Screencast: Using Audacity to trim down podcasts

As I was jogging away on the treadmill last night, it occurred to me that the 75-minute lecture that I was listening to for school was primarily dead space. People pause between sentences, and generally ramble on like I do. A lot of that space can be eliminated, so the lecture that I was listening to could probably be much shorter than it was.

What I’m going to show you how to do with this screencast is save yourself a lot of time, but still get the exact same information. And maybe reduce the classes that you are listening to to something more like a 45-minute workout instead of a 75-minute workout.

The screencast does have some information that is specific to the system that my school uses to distribute podcasts, but if you skip ahead to about 1:25 then you can get right to the juicy bits that anyone can use.

Abbreviated transcript follows:

  1. Download Audacity from SourceForge. You want to get at least the 1.3 series, as the 1.2 series doesn’t have all of the filters you need.
  2. Open the MP3. Do a Select All to get the entire thing.
  3. From the Effects menu, choose Truncate Silence. For a well-normalized lecture, a threshold of -20db is probably best, but you can play with it to get it how you like it. This one effect will normally trim down your MP3 by a good 15-35%, without losing any of the useful data.
  4. If you want to crunch a bit more out of it, use the Change Tempo effect. This clips out some of the speech data and may make the words sound choppy. Alternatively, you can use Change Speed, which actually squishes the waveform to make it play faster. This makes the instructor sound like Mickey Mouse, but doesn’t cause them to clip and chop. A combination of the two, with the latter at no more than 10%, is recommended.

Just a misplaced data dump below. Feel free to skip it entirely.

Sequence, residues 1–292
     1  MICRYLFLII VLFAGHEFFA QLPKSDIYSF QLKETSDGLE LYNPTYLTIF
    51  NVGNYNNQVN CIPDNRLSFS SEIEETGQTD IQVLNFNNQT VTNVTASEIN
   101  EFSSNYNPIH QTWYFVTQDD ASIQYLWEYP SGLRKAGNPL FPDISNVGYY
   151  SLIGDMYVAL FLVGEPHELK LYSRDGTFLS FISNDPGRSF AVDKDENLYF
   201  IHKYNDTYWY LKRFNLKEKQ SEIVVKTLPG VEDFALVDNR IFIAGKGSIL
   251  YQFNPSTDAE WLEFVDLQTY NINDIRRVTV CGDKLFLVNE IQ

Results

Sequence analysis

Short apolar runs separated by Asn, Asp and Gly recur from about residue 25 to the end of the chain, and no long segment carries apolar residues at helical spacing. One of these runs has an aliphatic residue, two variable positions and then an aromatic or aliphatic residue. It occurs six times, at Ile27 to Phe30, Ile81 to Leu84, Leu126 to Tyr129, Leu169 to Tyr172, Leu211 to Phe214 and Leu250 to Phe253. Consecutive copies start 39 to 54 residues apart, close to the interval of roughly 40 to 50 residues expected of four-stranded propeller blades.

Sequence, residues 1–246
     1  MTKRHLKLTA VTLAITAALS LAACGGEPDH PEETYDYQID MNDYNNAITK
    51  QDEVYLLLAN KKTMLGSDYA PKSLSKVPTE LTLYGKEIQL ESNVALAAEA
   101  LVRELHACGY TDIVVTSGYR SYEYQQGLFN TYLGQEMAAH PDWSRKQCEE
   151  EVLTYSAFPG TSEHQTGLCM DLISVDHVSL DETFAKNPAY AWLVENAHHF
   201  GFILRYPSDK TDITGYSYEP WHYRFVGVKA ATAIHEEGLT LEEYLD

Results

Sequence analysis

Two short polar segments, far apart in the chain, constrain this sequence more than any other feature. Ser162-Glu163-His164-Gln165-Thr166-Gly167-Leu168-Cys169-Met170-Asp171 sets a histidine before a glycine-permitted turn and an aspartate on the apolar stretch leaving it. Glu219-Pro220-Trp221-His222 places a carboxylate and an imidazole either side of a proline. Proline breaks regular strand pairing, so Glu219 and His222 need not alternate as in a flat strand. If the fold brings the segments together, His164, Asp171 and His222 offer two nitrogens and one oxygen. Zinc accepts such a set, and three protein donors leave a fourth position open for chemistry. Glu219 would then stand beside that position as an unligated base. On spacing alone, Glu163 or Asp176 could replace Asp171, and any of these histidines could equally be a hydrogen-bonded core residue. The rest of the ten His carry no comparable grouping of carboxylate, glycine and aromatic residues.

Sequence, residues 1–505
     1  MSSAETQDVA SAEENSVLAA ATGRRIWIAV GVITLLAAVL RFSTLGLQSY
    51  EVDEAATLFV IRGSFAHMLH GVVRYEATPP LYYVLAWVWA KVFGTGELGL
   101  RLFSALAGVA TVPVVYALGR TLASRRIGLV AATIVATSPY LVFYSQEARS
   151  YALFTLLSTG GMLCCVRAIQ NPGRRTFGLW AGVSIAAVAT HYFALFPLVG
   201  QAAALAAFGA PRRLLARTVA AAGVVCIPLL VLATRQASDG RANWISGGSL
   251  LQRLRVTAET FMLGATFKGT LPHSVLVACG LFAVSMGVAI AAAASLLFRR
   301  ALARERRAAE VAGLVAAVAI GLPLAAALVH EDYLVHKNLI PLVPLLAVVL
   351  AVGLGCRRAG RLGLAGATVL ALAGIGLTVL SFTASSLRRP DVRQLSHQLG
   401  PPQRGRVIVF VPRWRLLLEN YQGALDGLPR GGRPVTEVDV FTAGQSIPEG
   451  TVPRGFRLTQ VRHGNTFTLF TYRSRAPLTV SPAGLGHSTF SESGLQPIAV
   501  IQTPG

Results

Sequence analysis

5. Go under Preferences and make sure your MP3 export settings are set to be the same as the source bitrate. For Tegrity lectures, that’s 16 kbps.
  6. Use Export > MP3 from the File menu to save the resulting MP3.

That’s it! The whole process should take you less than 5 minutes per track, but should save you far more time than that when it comes time to listen. You can squeeze more class time and more information into the same workout time. And, I’ve found that eliminating the stilted drawl of some of my professors helps me to not lose focus on the workout or the material.

By Rick Osborne

I am a web geek who has been doing this sort of thing entirely too long. I rant, I muse, I whine. That is, I am not at all atypical for my breed.